Friday, December 16, 2016

Beethoven's Notebooks

Peter F. Drucker, in Managing Oneself tells story about Beethoven's notebook habit:
Beethoven ... left behind an enormous number of sketchbooks, yet he said he never actually looked at them when he composed. Asked why he kept them, he is reported to have replied, "If I don't write it down immediately, I forget it right away. If I put it into a sketchbook, I never forget it and I never have to look it up again.

Fontanelle says similar things about Leibniz who, he says, took notes of everything he read and then added his own thoughts at the same time. Afterwards, he put it aside and "never looked at it again. But his incomparable memory forgot nothing that he wrote, as it usually happens [with others]. It was as if through writing he eternally engraved them in his head."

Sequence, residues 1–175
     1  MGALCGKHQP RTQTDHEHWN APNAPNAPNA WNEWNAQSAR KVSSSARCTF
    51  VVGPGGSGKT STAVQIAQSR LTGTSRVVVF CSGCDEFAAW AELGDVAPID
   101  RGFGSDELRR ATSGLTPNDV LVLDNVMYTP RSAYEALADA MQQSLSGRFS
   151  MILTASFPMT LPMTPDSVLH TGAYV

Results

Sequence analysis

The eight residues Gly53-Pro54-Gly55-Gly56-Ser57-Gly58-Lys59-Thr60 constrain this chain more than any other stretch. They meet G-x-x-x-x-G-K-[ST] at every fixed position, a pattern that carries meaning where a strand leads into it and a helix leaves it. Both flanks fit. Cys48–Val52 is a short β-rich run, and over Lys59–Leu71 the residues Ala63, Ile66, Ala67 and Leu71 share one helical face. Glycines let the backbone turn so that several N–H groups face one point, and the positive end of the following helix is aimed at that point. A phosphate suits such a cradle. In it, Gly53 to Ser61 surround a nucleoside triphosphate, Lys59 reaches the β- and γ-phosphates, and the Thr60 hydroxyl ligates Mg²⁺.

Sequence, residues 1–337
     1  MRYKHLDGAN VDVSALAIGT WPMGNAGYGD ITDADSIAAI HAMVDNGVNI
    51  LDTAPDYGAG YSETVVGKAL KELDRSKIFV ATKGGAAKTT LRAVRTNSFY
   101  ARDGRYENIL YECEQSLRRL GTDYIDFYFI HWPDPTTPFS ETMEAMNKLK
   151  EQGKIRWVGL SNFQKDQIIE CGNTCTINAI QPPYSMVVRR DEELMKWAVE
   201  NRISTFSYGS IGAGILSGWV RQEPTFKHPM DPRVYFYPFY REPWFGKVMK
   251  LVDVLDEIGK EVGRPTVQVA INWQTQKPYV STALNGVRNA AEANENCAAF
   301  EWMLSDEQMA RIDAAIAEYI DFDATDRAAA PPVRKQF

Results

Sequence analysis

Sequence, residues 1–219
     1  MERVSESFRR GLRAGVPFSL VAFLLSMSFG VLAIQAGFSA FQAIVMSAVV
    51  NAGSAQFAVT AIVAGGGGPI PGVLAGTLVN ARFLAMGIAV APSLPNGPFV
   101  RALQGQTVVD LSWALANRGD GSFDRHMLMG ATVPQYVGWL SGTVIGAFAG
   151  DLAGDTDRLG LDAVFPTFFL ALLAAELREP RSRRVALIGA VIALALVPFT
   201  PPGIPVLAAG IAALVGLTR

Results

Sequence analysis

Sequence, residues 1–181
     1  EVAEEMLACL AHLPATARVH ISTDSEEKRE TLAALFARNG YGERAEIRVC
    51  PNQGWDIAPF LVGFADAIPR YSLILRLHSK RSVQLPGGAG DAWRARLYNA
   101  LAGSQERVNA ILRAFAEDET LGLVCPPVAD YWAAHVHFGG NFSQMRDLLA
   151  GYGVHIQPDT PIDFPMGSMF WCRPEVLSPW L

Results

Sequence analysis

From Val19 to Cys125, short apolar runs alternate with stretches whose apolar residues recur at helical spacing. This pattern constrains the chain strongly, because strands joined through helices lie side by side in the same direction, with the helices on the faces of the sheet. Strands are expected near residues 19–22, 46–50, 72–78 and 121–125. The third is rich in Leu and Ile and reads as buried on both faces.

I am sad to say that this is not my experience. It might be that I remember things more easily after having written them down, but it does not seem to make much of a difference.[1] I would be lost without my note-taking system.

1. And it does not make much difference (to me) whether I typed or hand-wrote the notes.

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